Date of this Version
The George Eliot Review 33 (2002) Published by The George Eliot Fellowship, http://georgeeliot.org/
In Middlemarch, the 'dead hand' of Edward Casaubon, which seeks to take hold of his wife's future, is applied by two documents. The first is the codicil to his will which endeavours to prohibit Dorothea marrying Will Ladislaw by imposing the condition that to do so she must relinquish her inheritance. The second is the 'Synoptical Tabulation' in which he expresses the intention to have her continue his work on the 'Key to all Mythologies'. As early as 1873, it was observed by Henry James that the subsequent narrative is dominated by the repercussions of the codicil: 'Mr Casaubon's death befalls about the middle of the story, and from this point to the close our interest in Dorothea is restricted to the question, will she or will [she] not marry Will Ladislaw?'' The interest of the astute reader should engage with both aspects of Casaubon's 'dead hand' however. While Dorothea's relationship with Ladislaw may dominate the literal narrative, this essay proposes to show that the possibility of her continuing her first husband's research exists as a quiet undercurrent throughout the novel until it begins to reemerge in the Finale, at which point it is hinted that she finally determines to complete the 'Key to all Mythologies'.
Dorothea's potential for authorship finds a model in Saint Theresa, whom the Prelude establishes as at once a symbol and a point of contrast for the Middlemarch heroine. Saint Theresa wrote several books, but Eliot neglects these, preferring to focus on the Saint's founding of convents. There is just one revelatory moment, in a passage concerning Casaubon's scholarship, when the significance of Theresa's writing in relation to Dorothea is foregrounded. Of the latter it is speculated, 'If she had written a book she must have done it as Saint Theresa did, under the command of an authority that constrained her conscience' .2 The prologues of all Theresa's major works claim that she has been charged to write by a (male) spiritual director.' At a central moment in the novel, Dorothea receives a similar order. The crucial question of whether she lives up to the model provided by Saint Theresa thus tacitly asks whether she realizes her potential for authorship, whether she accepts Casaubon's command to complete the 'Key to all Mythologies'.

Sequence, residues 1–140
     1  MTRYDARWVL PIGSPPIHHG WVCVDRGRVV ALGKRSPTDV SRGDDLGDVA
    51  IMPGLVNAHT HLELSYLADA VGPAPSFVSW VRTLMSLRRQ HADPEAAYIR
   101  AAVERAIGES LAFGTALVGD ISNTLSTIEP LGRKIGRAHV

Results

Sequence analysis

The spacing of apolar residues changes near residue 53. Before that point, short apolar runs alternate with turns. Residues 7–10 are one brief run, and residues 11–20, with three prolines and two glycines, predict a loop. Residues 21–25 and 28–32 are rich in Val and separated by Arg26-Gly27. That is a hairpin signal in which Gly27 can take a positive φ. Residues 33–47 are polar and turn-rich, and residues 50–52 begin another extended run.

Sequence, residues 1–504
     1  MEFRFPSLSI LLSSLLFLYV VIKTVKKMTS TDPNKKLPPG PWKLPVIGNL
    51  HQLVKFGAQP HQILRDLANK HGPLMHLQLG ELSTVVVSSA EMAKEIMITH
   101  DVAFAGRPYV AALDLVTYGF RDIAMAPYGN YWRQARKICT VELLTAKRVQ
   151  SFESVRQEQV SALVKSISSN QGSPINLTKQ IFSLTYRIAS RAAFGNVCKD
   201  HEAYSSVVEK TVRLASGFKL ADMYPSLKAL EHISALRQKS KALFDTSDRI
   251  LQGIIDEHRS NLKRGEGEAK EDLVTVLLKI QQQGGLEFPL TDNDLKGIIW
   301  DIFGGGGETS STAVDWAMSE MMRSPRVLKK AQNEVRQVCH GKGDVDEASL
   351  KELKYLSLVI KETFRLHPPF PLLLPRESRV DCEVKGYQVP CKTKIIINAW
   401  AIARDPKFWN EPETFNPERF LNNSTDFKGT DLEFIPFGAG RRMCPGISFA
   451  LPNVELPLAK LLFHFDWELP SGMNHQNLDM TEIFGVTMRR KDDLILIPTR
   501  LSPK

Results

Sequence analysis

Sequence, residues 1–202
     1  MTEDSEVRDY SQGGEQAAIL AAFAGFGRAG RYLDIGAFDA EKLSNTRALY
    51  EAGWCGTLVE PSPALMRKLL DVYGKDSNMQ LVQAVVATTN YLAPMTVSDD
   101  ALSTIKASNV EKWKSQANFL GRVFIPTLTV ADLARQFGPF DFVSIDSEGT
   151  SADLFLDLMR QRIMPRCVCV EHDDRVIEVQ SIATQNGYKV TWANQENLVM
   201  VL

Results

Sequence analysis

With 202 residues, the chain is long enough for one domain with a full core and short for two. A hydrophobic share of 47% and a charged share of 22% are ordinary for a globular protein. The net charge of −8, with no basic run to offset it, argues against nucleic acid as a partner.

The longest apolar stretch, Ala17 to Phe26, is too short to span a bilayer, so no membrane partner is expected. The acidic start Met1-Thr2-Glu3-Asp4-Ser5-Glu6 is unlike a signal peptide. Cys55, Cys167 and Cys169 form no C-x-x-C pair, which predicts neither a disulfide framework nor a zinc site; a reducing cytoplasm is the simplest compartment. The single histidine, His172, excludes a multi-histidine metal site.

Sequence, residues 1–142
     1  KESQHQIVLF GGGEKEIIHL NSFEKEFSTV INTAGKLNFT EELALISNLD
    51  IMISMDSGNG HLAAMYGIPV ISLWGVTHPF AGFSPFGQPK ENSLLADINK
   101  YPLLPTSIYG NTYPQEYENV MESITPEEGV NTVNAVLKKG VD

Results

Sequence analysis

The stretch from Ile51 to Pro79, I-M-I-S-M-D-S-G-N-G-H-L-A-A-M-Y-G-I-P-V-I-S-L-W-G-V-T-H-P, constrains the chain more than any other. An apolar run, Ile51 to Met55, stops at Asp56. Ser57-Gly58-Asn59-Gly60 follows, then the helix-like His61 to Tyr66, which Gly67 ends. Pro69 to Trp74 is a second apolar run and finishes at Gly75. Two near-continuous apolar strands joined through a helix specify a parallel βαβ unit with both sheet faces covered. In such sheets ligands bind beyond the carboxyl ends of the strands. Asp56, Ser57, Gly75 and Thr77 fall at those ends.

The suggestion that the issue of Dorothea's response to Casaubon's request remains open is discordant with a critical tradition which allows Rosemary Ashton in her biography of Eliot to assert that Dorothea 'refused' to finish the worthless work of her distrustful husband' .4 This seems to epitomize the general reading of this aspect of the novel. It is widely accepted that the search for a 'Key to all Mythologies' is a futile project which Casaubon's death releases Dorothea from having to continue.' But the death is not so much a release from an oppressive task as it is a release from the need to make an immediate decision whether to continue the 'Key'. It is described in terms which show the impossibility of Dorothea furnishing Casaubon with any answer now: 'But Dorothea never gave her answer' (453), 'But the silence in her husband's ear was never more to be broken' (453). Even the posture he has assumed when she finds him dead is one which he adopts when he is listening to her speak, as if he is waiting for an answer; 'she had seen him take that attitude when she was reading to him' (453).